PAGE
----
In the meantime...Wisconsin's summer was actually decently active although the bulk of it came in May and June with record flooding followed by quite a few tornadoes. I'm hoping next summer is a little more "classic" but that hasn't really happened in a long time.
That is a beautiful picture Doug. That this produced a tornado in Madison which was somewhat confounding because it had only very weak cyclonic convergence on radar at that point. However looking at archived 4-panel SRM data, it had extremely strong rotation as it crossed out of S Iowa County and into NW Dane County. Interestingly enough, it set down a weak tornado out there as well, that wasn't initially reported.

Just curious Doug, but were you chasing that storm the whole way (if at all chasing) or if not what was your mode of attack that day. I'd be interested to hear because things started revving up when the sun went down.

...Alex Lamers...
Alex, if you are interested this is part of an e-mail that I sent out to a local spotting group and some friends from this event:


As most of you probably know, I am an avid storm chaser and I travel
many thousands of miles a year to find these elusive storms. So when a
tornado occurs practically in my backyard, all of my friends and
family expect me to have seen the tornado, but this was not to be...
I was halfway through 9 holes of golf at the Monona golf course when I
noticed the anvils from the storms to the north west. I almost left my
golf partner at this point to finish up on his own, but I had a great
game going and decided to stick it out. I sprinted out to my car as
soon as my ball finally landed in the 9th cup (a disappointing 3 putt)
and was on my way to Verona to pick up my camera and video gear (I
literally have nightmares about not having a camera when I see a
I loaded up a radar loop at home, saw that a decent cell was in NW
Dane county and decided to head west on 18/151 then north on P to
Cross Plains.
As I was traveling north on P off of the HWY, I caught glimpses of a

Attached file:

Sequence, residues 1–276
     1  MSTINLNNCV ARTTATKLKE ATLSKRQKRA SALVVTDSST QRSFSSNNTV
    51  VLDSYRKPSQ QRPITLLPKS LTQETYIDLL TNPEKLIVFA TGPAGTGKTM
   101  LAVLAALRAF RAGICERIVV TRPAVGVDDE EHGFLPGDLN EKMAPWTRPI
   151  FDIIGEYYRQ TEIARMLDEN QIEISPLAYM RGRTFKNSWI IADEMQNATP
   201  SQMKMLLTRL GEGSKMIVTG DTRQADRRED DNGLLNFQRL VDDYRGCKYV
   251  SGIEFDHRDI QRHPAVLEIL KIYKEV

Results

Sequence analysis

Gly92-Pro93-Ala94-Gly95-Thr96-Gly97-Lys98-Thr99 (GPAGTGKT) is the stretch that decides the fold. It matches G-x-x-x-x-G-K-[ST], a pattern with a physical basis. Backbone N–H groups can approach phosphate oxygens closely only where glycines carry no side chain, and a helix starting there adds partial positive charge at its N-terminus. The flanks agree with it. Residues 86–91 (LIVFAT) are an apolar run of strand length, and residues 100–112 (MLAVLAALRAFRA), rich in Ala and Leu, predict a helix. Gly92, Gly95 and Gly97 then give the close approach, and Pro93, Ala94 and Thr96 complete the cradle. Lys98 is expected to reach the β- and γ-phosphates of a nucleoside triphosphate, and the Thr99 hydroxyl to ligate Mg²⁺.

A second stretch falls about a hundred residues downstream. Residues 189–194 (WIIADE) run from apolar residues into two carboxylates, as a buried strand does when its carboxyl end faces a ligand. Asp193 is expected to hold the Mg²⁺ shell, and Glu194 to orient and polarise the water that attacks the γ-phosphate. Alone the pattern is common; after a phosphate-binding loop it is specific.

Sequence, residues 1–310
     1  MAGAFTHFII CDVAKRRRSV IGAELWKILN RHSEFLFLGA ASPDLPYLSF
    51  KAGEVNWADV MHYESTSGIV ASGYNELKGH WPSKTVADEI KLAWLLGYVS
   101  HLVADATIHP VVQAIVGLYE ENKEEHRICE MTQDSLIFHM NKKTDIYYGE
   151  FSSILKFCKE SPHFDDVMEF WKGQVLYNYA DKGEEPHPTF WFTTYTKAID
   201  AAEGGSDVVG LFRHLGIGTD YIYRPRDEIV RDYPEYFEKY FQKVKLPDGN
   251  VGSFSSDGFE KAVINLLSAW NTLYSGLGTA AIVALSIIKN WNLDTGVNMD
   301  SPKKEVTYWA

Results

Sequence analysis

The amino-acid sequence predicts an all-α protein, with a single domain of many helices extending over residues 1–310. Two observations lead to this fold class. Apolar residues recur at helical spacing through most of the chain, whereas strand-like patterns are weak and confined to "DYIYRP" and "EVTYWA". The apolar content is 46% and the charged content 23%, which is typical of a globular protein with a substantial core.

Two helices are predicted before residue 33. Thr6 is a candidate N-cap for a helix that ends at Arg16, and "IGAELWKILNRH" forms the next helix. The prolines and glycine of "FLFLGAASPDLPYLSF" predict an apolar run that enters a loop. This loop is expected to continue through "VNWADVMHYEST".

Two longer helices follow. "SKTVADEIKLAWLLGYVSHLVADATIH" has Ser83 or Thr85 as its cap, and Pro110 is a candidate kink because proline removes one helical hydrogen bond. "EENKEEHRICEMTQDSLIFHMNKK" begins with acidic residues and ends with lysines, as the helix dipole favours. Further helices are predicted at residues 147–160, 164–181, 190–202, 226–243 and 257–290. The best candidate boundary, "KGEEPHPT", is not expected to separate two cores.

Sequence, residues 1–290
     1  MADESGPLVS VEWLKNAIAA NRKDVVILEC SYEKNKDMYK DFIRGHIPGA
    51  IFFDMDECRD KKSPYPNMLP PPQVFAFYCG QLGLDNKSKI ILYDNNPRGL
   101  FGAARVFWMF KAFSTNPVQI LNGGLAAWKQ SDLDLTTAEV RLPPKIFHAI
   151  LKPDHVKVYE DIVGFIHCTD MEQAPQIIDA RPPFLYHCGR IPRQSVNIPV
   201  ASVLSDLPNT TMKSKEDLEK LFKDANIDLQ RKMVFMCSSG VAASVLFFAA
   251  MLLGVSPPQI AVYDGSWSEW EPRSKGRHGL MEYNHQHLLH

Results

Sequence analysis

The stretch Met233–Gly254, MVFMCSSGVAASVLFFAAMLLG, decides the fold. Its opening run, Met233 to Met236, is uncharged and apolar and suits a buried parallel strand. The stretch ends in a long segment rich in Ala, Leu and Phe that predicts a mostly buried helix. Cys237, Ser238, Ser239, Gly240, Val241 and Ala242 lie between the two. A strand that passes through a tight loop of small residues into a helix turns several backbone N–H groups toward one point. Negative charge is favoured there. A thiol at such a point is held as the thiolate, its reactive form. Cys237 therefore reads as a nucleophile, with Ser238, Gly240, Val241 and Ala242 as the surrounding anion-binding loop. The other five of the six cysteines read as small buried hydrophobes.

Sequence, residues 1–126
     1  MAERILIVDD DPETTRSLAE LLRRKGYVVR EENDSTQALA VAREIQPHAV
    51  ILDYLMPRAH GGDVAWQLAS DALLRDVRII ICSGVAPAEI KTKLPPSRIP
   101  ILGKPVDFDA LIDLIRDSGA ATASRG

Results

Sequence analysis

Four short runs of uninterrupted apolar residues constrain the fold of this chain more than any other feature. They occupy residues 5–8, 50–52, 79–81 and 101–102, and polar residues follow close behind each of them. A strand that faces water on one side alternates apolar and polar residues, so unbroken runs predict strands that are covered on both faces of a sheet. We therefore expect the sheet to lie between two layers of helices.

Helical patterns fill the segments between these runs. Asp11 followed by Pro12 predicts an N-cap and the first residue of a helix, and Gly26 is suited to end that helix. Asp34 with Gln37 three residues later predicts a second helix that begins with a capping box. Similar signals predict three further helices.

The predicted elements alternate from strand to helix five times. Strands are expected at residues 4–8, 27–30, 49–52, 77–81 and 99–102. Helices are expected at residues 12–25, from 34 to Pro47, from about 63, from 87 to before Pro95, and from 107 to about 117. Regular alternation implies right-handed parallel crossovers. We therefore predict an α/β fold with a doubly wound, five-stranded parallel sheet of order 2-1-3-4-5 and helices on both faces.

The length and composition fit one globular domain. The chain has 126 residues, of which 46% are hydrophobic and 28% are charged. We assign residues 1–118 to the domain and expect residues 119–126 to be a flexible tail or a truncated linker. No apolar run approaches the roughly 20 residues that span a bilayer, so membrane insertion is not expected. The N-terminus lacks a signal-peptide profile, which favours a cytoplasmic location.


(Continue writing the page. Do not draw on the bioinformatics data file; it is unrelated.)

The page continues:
nice base off to the north west, with a much better looking base
further north of this one. I recall Chad saying that 2 storms were
going to merge in Dane county, in hindsight this was pretty
significant. A supercell that gobbles up a smaller storm moving in
from the south often has a good shot of producing a tornado, looking
back at radar data when I got home verified that this merger was
likely responsible for the tornado in Madison.
I stopped briefly at the intersection of HWY P and S, which is about 8
miles due west of where the tornado occurred. These 2 photos were
at 8:16pm and 8:18pm looking WNW from my location at P and S.
There was decent cyclonic rotation with this rain free base and it was
creating a lowering as seen in the second photo, but I was drawn to
the base further north that was currently being warned on. (I do not
have a photo of this unfortunately)
I continued north on P into Cross Plains and could see that the base
to the north west of Cross Plains was completely rain wrapped. I
continued north on P into this rain wrapped storm, encountered small
hail with evidence of 1 inch hail on the ground about 5 miles to the
north of Cross Plains. It soon became apparent that this storm was
completely occluded, was falling apart, and that I should have stayed
on the base further to the south. I went back down to HWY 14 and
headed east towards Middleton. I believe I was getting on the Beltline
as Dan was calling out the tornado on the ground further east near
park Street. I continued east on the Beltline in a heavy rain core and
never could see any structure to the east because of the heavy rain. I
gave up the pursuit just west of Cambridge and dropped south on 73
towards N to see if I could get some good lightning shots.
Thanks. Those are some nice pictures. The reason I ask was that I was working a volunteer shift that night at MKX so it's nice to line up actual accounts with what I remember on radar. I remember calling people from Southern Iowa County right along the Wisconsin River but nothing spectacular was reported.

However (and thank you for reminding me of this) the storm mergers were AMAZING in this event. Whether it be coincidence or not, most of the tornadoes spun up or intensified just AFTER a cell merger. The Dane County cell was no exception.

This thing had been rotating to beat the banshee for awhile. Right when it got near Madison things got interesting. I'm not sure if a cell merger occured when the tornado spun up but one definately occured as it cleared Madison and approached Jefferson County. This caused a major change in the cell structure allowing it to become a highly organized bow echo and spread concentrated wind damage across Southern Jefferson County, eventually evolving new rotation (or perhaps old, but I'm not gonna pick through that tediously) and spinning up another tornado in far SE Jefferson County.

...Alex Lamers...
I actually left that storm when I saw radar of the storm bearing down on Waupun. (My home) I arrived home to trees down and power off everywhere.

Ouch...how close was the tornado to your house. I heard there was pretty heavy damage in that area.

...Alex Lamers...